Isn’t it dialectical? Because of their visibility and militancy, millionaire ball players are the current key to advancing the class struggle in the United States.
The Major League Baseball Players Association has the greatest opportunity to rally workers onto the offensive since Reagan crushed the air traffic controllers union.
How thrilling it will be on opening day, April 2, if Ken Griffey, Cal Ripken, Jose Canseco, et al., put their feet and seven-digit salaries on the line to force the likes of racist Marge Schott and obnoxious George Steinbrenner to take their scab players and salary cap and stuff them.
The strike began last August as a defense against classic union-busting. Owners demanded that players accept a limit on their salaries. The union refused, as they certainly should have, citing 1993 baseball revenues of $1.8 billion. Owners then chose to lose immense World Series receipts and National Labor Relations Board decisions rather than bargain with their players.
Owners have conspired to keep players chattel for nearly all of baseball’s history. Players could not voluntarily leave the teams, which could “reserve” them for exclusive service at non-negotiable wages or trade them at will. In 1969, Curt Flood, the superb Black outfielder for the St. Louis Cardinals, sparked the drive that won veteran players the right to be free agents who can join the highest-bidding team. All players should have this right.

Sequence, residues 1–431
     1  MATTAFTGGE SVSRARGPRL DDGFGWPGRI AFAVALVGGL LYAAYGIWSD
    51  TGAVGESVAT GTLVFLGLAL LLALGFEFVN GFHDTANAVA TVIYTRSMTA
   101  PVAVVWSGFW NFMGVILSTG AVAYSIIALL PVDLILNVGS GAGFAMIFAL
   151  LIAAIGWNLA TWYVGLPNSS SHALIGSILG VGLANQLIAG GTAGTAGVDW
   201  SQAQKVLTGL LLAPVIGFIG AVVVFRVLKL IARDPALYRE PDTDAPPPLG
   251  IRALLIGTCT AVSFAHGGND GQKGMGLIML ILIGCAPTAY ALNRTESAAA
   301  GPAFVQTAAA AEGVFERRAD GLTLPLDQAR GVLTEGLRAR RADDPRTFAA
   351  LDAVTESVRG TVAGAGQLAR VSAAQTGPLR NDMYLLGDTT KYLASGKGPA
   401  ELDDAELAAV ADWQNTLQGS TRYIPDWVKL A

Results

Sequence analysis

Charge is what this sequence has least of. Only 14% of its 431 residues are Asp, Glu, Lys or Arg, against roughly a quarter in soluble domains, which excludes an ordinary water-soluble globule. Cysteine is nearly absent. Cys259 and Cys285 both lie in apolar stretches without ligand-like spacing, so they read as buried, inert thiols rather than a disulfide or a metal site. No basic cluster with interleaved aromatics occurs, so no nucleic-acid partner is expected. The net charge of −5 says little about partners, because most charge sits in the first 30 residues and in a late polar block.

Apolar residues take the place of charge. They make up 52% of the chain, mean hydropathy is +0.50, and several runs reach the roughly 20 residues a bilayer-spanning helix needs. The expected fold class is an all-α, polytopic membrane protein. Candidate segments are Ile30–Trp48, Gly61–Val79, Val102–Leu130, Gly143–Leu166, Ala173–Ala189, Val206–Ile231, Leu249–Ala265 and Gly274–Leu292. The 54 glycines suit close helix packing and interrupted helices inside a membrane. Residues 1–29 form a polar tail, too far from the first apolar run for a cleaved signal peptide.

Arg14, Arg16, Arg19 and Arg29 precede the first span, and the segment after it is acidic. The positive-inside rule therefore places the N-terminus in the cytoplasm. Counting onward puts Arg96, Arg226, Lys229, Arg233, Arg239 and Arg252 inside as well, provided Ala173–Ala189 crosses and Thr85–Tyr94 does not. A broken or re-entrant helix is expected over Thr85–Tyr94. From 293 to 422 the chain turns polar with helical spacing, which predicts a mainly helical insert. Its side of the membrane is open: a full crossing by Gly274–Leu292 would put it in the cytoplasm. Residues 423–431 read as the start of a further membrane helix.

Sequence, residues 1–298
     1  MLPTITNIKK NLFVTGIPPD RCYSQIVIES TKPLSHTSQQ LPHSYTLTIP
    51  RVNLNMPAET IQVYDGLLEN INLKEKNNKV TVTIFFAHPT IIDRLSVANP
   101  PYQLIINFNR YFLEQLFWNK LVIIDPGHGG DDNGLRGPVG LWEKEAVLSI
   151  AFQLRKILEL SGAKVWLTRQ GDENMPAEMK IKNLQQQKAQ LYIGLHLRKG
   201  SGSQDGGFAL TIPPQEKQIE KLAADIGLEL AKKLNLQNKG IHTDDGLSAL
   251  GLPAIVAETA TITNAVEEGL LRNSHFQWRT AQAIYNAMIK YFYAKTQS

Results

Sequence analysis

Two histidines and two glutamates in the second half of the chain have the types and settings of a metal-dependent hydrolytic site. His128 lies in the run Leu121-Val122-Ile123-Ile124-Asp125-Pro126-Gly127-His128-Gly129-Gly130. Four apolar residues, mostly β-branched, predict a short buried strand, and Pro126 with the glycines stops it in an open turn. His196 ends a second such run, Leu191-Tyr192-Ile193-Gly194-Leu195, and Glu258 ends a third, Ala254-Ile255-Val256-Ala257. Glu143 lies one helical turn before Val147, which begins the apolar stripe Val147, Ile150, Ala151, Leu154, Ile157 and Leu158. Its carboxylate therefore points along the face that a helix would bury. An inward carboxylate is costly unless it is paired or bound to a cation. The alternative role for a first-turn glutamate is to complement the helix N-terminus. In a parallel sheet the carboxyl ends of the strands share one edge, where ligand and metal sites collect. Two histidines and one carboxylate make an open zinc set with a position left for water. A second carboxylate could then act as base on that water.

Today, fans pay to see professional players compete in parks that are publicly funded. The owners are pretty much superfluous, yet they “earned” disclosed profits of $50 million in 1993. And these are the guys whipping up moral outrage over players’ salaries!
Fans, organized labor, and FS readers can help win this vital strike and promote the interests of all working people. Boycott and picket scab ball games. Urge the major leaguers to hold exhibition games to benefit other strikers, like the intransigent Staley workers in Illinois; this would electrify the entire labor movement.
In the words of Yankee great Yogi Berra, “When you come to a crossroads, take it!”